Sixth grade students' mental models of physical education concepts: A Framework Theory perspective
Ennis, Dr. Catherine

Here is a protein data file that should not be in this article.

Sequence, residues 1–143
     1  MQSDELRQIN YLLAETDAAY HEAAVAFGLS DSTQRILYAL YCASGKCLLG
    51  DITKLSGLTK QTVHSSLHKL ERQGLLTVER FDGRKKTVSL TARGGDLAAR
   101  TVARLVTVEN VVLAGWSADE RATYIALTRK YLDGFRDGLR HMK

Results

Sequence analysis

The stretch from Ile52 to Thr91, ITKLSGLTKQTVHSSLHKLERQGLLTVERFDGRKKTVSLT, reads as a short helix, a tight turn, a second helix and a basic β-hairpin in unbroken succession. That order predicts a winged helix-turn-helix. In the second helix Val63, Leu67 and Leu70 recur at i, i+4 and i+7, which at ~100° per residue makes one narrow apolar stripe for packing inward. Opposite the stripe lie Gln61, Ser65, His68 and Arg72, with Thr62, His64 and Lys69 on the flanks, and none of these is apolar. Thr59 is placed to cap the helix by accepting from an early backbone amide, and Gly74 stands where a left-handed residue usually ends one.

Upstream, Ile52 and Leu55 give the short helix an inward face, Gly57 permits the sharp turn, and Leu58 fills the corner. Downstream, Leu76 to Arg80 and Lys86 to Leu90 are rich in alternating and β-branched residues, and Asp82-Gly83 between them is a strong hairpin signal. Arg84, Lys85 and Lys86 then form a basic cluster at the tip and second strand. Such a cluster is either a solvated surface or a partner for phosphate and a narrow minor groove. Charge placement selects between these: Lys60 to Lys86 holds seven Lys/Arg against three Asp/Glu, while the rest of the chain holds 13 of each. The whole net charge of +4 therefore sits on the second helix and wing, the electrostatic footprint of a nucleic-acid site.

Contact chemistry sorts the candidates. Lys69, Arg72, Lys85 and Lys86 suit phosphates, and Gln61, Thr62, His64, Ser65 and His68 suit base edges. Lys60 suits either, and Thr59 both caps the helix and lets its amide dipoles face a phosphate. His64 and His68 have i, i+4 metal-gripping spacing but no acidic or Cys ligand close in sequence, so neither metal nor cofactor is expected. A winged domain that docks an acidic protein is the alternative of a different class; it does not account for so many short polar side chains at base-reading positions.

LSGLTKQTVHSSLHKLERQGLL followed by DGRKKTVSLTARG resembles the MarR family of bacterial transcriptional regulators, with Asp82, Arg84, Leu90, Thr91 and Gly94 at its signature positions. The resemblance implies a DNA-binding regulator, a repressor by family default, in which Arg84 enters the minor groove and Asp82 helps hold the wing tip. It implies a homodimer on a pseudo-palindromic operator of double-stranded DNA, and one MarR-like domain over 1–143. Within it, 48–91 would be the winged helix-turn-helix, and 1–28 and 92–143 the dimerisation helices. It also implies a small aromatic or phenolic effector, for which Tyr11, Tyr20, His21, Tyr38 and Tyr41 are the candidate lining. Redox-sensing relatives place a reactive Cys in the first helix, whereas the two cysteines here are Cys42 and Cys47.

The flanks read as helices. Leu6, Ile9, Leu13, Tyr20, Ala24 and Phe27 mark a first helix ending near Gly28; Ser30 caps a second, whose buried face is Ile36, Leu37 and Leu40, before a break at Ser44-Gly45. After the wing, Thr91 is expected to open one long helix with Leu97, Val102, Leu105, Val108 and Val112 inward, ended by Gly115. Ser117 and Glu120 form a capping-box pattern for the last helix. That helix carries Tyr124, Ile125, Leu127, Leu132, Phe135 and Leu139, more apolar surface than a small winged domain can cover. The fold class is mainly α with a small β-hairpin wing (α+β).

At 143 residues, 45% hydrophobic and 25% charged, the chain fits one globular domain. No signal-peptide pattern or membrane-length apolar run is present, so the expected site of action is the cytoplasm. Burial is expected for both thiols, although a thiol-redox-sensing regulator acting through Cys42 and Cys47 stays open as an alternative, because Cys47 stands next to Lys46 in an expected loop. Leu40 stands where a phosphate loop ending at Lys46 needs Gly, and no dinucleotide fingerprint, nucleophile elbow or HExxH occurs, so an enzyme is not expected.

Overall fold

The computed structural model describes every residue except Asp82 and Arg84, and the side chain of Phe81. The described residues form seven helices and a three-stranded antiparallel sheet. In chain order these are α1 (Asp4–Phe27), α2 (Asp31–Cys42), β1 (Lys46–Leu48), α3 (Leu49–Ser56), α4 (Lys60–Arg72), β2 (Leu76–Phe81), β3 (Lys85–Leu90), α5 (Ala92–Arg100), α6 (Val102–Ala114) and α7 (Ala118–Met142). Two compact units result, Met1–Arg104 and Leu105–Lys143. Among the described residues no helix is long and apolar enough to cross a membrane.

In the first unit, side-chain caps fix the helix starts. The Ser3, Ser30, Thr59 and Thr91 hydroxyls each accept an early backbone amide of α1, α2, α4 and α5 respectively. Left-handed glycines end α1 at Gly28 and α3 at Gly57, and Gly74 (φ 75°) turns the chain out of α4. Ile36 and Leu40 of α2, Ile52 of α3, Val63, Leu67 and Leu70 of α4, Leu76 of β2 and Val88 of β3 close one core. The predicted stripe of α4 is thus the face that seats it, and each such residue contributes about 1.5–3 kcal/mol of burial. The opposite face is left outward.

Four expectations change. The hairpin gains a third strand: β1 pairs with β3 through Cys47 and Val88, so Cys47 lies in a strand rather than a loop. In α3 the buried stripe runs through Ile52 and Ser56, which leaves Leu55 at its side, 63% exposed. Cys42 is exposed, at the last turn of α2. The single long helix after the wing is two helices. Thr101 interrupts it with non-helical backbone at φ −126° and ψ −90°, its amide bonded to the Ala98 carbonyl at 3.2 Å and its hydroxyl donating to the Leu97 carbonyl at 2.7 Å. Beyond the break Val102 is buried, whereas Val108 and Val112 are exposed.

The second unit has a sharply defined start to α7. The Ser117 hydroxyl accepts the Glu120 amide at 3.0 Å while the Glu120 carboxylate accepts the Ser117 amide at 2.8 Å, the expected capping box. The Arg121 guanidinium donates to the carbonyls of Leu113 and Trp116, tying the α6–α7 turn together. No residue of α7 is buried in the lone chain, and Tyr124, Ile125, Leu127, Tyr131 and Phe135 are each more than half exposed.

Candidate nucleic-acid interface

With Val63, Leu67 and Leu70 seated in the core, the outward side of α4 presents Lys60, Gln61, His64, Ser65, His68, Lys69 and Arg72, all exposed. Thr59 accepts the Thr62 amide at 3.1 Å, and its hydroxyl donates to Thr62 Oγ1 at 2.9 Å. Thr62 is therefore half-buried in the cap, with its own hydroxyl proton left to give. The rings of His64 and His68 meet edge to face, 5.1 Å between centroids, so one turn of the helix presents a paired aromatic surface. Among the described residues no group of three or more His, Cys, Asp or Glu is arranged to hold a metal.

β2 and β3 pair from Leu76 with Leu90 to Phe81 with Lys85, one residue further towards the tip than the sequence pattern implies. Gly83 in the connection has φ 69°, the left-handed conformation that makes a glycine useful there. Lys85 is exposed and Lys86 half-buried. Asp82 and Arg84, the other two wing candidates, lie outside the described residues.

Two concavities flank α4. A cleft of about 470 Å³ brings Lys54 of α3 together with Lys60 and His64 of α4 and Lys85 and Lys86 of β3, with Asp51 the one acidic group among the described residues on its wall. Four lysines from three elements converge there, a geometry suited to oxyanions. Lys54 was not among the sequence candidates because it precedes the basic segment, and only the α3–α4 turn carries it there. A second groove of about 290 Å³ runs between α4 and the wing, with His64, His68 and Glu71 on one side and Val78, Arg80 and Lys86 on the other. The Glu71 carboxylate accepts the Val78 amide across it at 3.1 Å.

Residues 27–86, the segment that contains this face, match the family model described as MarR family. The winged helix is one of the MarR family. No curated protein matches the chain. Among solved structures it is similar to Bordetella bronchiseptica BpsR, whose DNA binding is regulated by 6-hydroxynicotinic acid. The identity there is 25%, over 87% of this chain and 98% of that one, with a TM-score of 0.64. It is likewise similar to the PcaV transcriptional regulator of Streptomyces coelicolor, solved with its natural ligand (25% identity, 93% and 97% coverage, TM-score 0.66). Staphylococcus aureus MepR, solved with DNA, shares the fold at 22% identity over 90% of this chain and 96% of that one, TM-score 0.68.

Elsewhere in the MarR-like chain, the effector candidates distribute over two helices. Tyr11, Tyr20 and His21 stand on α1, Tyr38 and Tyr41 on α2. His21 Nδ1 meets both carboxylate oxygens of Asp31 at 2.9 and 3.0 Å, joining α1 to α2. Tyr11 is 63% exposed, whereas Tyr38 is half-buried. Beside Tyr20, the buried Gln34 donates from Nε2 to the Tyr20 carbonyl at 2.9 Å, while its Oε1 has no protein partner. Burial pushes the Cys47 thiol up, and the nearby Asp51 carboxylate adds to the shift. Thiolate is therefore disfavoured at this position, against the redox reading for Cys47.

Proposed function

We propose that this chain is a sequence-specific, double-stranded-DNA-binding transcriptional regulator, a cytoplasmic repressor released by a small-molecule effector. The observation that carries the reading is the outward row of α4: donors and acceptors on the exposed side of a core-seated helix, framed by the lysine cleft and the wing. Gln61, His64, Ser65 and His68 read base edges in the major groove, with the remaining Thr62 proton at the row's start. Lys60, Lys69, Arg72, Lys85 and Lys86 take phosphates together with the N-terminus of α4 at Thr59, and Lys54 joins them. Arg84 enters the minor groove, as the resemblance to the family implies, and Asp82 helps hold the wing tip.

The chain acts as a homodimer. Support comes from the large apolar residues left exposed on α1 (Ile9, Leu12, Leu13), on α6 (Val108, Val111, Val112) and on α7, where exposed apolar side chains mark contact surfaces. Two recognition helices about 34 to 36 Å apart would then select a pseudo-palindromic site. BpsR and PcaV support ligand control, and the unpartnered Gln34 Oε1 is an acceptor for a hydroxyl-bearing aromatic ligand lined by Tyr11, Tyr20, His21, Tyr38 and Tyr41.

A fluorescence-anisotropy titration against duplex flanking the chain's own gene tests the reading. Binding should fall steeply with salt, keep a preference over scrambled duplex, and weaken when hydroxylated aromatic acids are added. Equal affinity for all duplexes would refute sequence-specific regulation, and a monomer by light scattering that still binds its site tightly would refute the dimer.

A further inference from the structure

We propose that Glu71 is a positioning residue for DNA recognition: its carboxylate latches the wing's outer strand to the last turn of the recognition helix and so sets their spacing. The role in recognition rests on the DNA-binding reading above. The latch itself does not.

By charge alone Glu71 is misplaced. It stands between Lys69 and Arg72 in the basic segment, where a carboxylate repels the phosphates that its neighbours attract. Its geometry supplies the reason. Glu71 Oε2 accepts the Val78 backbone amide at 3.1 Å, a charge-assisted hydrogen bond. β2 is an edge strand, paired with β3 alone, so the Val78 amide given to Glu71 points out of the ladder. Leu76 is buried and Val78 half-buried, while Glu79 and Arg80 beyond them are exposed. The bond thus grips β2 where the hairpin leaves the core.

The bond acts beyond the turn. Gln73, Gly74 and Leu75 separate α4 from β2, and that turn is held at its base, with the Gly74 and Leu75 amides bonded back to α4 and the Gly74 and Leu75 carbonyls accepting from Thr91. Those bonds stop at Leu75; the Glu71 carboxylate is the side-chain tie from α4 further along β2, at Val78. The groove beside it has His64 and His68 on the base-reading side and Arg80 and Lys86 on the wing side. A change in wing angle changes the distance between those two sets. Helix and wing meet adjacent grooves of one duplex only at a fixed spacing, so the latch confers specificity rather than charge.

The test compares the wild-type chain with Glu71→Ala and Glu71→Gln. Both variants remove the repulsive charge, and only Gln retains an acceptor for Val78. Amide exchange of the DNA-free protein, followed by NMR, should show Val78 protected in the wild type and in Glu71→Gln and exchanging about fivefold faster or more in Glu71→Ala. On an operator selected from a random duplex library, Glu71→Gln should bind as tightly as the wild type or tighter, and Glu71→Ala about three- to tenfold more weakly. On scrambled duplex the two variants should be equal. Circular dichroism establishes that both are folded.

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Framework Theory of Conceptual Change (FTCC) is the prevailing theoretical approach guiding current thought and research into the contextualized development of students' mental models. In FTTC Vosniadou (1994) theorized the role academic beliefs and social and contextual variables play in model development. Physical education scholars have not yet applied FTCC to an examination of students' fitness conceptions and little is known about the role academic beliefs play in knowledge development. The purpose of this dissertation was to apply FTCC to an examination of students' mental models of fitness concepts. I conducted a descriptive study using an ethnographic research design to examine the contextualized development of students' mental models. Participants included one class of sixth-grade students and their teachers at two middle schools. Student data (n=18) were collected using written questionnaires and interviews. Additionally, I collected contextual data through document collection, physical education (n=2) and science teacher (n=1) interviews, and field observations of the physical education lessons conducted at the respective schools. In the first analysis, I identified five generic mental models based upon diverse configurations in students' naive theories to explain exercise induced physical changes. Findings suggested students' diverse explanations reflected the inherent complexity of the concept. The emerging coherence of students' perspectives towards scientific views is gradual. Developing sophisticated conceptions entails developmental, applicational, and integrated processes that evolve into complex relational conceptions. In the second analysis, I identified three mental models students used to explain the concept of intensity and it's relation to other elements in the FITT principle. In contrast to previous research, all 18 students within this study were familiar with the concept of intensity and the FITT principle. Students' explanations were diverse and reflected variations in their conceptual transitions from a holistic elementary school level conception of FITT and intensity. The diverse models reflected students' purposeful and creative attempts to seek coherence and make interdisciplinary and multi-sensory connections. A myriad of variables appeared to interact to facilitate and sometimes limit students' mental models, including school support, language and tool support, and teachers' values and beliefs about teaching, fitness, and student learning.